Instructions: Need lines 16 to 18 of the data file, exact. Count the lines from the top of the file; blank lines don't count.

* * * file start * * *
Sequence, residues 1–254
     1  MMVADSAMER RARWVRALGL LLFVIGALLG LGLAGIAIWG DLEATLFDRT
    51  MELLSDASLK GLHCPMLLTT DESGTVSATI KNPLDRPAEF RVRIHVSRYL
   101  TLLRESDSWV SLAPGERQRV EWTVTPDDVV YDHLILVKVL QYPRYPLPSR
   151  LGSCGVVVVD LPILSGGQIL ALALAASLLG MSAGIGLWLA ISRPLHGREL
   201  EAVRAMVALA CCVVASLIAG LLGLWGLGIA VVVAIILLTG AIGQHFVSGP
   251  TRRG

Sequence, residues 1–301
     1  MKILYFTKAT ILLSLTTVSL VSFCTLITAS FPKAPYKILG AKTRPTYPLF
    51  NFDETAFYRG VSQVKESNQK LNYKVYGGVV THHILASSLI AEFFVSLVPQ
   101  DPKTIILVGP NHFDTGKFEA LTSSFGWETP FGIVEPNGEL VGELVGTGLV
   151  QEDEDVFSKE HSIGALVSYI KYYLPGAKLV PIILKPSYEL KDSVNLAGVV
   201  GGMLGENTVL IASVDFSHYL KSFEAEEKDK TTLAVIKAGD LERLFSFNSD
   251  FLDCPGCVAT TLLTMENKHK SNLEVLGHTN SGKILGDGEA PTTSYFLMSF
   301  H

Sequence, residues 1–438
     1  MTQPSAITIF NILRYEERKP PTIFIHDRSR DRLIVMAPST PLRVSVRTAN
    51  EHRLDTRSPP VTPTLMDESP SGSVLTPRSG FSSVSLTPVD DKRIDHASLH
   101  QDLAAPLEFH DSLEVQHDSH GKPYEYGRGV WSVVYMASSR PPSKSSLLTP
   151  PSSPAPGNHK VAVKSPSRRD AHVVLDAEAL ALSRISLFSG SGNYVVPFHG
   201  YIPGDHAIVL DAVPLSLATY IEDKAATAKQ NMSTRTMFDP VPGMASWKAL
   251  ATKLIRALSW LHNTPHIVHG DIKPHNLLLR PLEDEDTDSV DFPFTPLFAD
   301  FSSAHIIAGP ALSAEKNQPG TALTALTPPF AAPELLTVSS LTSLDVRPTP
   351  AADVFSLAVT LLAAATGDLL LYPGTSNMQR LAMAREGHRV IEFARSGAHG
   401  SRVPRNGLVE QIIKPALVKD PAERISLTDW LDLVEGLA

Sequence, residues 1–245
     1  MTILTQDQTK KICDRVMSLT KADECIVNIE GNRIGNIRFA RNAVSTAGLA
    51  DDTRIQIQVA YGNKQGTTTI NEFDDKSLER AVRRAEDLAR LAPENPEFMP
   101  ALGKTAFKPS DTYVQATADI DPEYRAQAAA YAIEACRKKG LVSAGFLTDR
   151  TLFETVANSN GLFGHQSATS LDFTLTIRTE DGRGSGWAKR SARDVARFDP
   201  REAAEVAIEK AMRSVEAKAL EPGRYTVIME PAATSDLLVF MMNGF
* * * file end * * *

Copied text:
Sequence, residues 1–438
     1  MTQPSAITIF NILRYEERKP PTIFIHDRSR DRLIVMAPST PLRVSVRTAN
    51  EHRLDTRSPP VTPTLMDESP SGSVLTPRSG FSSVSLTPVD DKRIDHASLH